Don't Be Cavalier About a Fed Hike and Watch for These Warning Signs

 | Dec 12, 2016 | 9:00 AM EST
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It's almost show time for the Federal Reserve with respect to interest rates, and that should have every investor on high alert despite the amazing feelings associated with the market's post-Election Day euphoria.

When the Fed concludes its gathering later this week, it's likely to include the long-awaited second rate increase since the end of the Great Recession. Although Fed Chairwoman Janet Yellen is unlikely to morph into a hawk in time for her widely followed press conference, the truth is that she could provide a dose of reality to the stock markets now that the election is over.

If you look back at her comments in recent months, she has sounded a touch more hawkish on the direction of interest rates. The market has chosen to ignore her words, instead placing hope on the economic impact of any potential President Trump stimulus packages. But, a more hawkish Yellen certainly could surprise the many who have overlooked her comments.

In any event, investors need to remember what happened last year after the Fed raised interest rates. There was a delay in reaction, but then you know what hit the fan in January. Last January, the S&P 500 fell 5.1% and the Dow Jones industrial Average shed 5.5% for the biggest monthly losses since August and the largest January declines since 2009. The Nasdaq plunged 7.9%, its worst month since May 2010.

The moves to the downside were convincing, too, causing the selling to feed on itself after a while. January saw the highest monthly average Nasdaq Composite, NYSE Composite and total volume since August 2011. Why did this occur? It's pretty simple.

The market rationalized that the delayed effect (usually six months) of the Fed's first interest rate hike would crush companies in the second half of 2016. Investors, as a result, were trying to reduce their exposure to many overvalued areas of the market -- notably emerging markets and tech -- before Corporate America delivered surprisingly weak earnings and tepid outlooks.

The dire situations didn't pan out as the economy remained nicely resilient during an election year and companies continued to pursue stock buybacks and major acquisitions. First-quarter results for many S&P 500 companies in late January and February helped to quiet the litany of worries brought about by the horrible start to the year's trading.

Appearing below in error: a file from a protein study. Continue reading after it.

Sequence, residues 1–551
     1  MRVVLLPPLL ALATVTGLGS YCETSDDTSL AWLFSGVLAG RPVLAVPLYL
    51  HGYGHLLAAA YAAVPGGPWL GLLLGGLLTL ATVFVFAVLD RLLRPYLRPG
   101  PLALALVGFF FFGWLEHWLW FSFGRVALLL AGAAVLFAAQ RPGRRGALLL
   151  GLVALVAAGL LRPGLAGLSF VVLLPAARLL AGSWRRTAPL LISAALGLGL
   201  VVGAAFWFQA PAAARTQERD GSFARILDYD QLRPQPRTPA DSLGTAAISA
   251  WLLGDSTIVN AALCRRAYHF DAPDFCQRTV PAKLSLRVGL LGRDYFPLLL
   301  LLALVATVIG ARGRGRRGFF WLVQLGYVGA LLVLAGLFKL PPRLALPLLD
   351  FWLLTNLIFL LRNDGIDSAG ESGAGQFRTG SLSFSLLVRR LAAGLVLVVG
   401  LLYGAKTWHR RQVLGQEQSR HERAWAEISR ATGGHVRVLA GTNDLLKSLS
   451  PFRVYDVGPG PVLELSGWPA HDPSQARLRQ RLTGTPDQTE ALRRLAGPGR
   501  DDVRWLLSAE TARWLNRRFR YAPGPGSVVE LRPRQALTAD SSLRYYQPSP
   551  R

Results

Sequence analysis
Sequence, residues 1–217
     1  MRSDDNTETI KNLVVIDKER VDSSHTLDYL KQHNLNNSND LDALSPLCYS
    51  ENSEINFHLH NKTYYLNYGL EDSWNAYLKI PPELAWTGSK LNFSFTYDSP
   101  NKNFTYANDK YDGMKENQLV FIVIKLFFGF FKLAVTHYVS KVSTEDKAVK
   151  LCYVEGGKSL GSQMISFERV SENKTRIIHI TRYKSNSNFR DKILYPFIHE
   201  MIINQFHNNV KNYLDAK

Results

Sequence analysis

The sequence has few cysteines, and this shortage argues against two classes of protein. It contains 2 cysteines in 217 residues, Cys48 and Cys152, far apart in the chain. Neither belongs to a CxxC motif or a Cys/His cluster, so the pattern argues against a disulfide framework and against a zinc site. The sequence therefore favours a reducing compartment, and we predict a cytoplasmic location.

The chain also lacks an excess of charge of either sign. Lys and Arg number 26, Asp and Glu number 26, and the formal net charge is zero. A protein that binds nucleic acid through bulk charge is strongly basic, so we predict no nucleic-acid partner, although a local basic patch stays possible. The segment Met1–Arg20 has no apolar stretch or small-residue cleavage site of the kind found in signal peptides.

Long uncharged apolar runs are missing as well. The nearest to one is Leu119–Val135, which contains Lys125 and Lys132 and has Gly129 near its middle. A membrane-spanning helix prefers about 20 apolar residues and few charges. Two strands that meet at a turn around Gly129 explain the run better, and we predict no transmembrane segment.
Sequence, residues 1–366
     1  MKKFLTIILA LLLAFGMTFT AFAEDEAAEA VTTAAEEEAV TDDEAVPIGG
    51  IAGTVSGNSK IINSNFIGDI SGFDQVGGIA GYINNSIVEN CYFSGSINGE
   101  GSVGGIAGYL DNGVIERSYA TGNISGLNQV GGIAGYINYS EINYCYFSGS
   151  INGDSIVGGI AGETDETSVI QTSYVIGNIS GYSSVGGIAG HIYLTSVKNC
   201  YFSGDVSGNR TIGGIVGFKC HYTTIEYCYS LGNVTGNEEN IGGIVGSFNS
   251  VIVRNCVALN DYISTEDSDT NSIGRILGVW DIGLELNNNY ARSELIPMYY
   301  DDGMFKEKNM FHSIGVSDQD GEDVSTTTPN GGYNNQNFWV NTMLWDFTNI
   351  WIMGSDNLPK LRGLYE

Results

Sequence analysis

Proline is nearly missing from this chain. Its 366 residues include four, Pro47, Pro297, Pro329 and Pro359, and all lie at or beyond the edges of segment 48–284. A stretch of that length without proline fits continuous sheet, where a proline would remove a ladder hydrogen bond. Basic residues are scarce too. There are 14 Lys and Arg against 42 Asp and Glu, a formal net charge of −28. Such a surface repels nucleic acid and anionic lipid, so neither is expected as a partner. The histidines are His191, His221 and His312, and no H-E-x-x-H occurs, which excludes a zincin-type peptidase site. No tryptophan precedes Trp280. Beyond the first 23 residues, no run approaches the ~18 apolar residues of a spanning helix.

That said, this Fed meeting should be watched carefully in order to try and avoid the brutal losses seen last January. Granted, the economy is in better shape and President Trump could provide several catalysts in early 2017. However, one must not underestimate the potential delayed impact on stocks from a Federal Reserve on track to be more aggressive with rates in 2017 than it was in 2016.

Here is what to watch to see if the market is secretly worried about the aftermath of the Fed's rate hike:

  • If large-cap tech names such as Microsoft (MSFT) and Facebook (FB) (which is part of Jim Cramer's Action Alerts PLUS portfolio of stocks) that have had stellar gains in 2016 sell off. It could be a sign of funds looking to raise cash to protect potential losses in January. 
  • If highly indebted, failing companies such as Sears Holdings (SHLD) sell off big-time. If that happens, it could be the market's way of saying its worried again about the Fed's impact on Corporate America, especially those companies that are struggling.
  • If home builders and derivative names such as Home Depot (HD) sell off, that could be a sign rate hikes should be respected (they weren't right after the rate hike last year). As of today, the general thinking is that home builders and related names -- and the economy at large -- could handle higher interest rates.

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